With every new work, Jemisin’s ability to build worlds and break hearts only grows.

Pub Date: Aug. 4, 2015

ISBN: 978-0-316-22929-6

Page Count: 512

Publisher: Orbit/Little, Brown

Review Posted Online: June 14, 2016

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Very smart and very entertaining.

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THE POWER

All over the world, teenage girls develop the ability to send an electric charge from the tips of their fingers.

It might be a little jolt, as thrilling as it is frightening. It might be powerful enough to leave lightning-bolt traceries on the skin of people the girls touch. It might be deadly. And, soon, the girls learn that they can awaken this new—or dormant?—ability in older women, too. Needless to say, there are those who are alarmed by this development. There are efforts to segregate and protect boys, laws to ensure that women who possess this ability are banned from positions of authority. Girls are accused of witchcraft. Women are murdered. But, ultimately, there’s no stopping these women and girls once they have the power to kill with a touch. Framed as a historical novel written in the far future—long after rule by women has been established as normal and, indeed, natural—this is an inventive, thought-provoking work of science fiction that has already won the Baileys Women's Prize for Fiction in Britain. Alderman (The Liars’ Gospel, 2013, etc.) chronicles the early days of matriarchy’s rise through the experiences of four characters. Tunde is a young man studying to be a journalist who happens to capture one of the first recordings of a girl using the power; the video goes viral, and he devotes himself to capturing history in the making. After Margot’s daughter teaches her to use the power, Margot has to hide it if she wants to protect her political career. Allie takes refuge in a convent after running away from her latest foster home, and it’s here that she begins to understand how newly powerful young women might use—and transform—religious traditions. Roxy is the illegitimate daughter of a gangster; like Allie, she revels in strength after a lifetime of knowing the cost of weakness. Both the main story and the frame narrative ask interesting questions about gender, but this isn’t a dry philosophical exercise. It’s fast-paced, thrilling, and even funny.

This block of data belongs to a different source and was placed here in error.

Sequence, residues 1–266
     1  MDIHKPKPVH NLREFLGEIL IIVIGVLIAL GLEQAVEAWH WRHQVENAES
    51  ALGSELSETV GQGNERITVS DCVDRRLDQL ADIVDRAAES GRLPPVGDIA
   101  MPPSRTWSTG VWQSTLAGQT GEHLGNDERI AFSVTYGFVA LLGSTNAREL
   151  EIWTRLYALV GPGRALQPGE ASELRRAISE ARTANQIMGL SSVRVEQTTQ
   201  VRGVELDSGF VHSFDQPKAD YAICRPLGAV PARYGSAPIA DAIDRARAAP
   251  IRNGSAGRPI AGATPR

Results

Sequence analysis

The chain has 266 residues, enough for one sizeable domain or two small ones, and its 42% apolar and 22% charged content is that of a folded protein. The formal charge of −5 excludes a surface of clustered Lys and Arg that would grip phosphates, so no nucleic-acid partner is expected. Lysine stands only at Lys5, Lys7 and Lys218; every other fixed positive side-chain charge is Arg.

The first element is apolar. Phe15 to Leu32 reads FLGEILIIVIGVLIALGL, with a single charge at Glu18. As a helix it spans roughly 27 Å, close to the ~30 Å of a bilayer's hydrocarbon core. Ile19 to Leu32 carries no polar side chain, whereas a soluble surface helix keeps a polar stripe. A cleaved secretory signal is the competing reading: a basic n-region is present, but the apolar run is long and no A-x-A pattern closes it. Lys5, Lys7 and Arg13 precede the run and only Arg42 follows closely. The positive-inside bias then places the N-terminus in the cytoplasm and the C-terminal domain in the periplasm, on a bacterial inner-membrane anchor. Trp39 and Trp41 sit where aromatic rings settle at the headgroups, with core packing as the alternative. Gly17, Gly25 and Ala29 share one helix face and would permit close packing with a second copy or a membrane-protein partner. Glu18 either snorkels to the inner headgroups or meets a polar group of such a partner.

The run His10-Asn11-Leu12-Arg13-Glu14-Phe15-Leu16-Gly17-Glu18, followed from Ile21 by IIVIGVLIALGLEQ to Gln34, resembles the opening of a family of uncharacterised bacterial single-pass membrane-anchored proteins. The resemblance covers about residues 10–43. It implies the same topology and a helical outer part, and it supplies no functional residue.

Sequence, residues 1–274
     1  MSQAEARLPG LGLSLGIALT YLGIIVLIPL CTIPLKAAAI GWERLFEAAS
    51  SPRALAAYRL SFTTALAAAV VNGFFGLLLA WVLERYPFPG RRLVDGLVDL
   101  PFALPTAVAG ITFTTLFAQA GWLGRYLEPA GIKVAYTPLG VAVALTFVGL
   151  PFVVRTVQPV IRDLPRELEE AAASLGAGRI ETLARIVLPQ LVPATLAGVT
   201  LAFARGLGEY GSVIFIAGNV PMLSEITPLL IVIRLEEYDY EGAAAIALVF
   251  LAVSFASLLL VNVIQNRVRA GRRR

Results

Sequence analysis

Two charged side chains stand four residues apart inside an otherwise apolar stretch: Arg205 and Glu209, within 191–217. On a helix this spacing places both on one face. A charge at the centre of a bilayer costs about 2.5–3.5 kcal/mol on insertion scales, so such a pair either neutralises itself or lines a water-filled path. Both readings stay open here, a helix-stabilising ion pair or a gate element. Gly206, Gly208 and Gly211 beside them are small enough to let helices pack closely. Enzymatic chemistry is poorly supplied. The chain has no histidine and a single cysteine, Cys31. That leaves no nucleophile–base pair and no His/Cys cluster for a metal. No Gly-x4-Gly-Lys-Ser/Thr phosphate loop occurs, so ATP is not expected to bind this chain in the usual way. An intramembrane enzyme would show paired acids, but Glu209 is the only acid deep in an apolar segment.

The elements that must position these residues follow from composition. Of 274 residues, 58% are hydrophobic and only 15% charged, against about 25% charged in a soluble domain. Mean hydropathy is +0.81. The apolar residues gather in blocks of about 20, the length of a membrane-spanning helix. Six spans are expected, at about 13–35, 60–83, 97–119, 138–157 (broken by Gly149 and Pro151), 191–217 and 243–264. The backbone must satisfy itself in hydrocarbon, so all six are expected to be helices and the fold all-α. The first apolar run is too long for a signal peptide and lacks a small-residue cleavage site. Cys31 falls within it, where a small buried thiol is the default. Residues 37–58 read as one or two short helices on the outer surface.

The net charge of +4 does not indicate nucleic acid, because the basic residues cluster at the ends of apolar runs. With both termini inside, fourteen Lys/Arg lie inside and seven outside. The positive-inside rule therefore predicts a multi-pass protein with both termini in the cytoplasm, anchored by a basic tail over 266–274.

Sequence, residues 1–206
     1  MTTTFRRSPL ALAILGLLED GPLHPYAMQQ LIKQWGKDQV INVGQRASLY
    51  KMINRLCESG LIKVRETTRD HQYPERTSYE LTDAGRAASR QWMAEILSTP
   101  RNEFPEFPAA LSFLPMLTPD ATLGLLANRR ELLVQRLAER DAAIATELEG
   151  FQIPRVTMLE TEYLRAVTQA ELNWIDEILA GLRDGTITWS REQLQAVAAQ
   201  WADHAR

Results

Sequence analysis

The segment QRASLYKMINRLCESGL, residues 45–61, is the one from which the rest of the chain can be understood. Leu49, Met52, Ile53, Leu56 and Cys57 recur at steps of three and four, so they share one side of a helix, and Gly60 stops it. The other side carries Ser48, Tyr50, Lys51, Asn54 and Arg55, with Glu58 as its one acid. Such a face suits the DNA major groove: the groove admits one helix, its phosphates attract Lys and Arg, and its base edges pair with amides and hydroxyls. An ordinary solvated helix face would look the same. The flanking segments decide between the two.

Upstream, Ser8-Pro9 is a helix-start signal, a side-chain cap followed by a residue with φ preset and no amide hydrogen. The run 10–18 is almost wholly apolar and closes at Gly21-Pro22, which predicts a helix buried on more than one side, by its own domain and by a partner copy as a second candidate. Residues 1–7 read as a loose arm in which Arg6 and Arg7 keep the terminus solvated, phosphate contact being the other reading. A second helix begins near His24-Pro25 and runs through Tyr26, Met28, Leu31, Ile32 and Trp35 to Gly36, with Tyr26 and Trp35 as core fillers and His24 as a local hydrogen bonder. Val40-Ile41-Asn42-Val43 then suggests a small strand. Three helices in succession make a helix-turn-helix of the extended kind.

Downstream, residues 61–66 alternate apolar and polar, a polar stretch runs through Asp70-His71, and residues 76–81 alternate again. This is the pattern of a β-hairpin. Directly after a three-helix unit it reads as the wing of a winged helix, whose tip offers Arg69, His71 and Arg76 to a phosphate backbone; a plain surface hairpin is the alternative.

Very smart and very entertaining.

Pub Date: Oct. 10, 2017

ISBN: 978-0-316-54761-1

Page Count: 400

Publisher: Little, Brown

Review Posted Online: July 17, 2017

Kirkus Reviews Issue: Aug. 1, 2017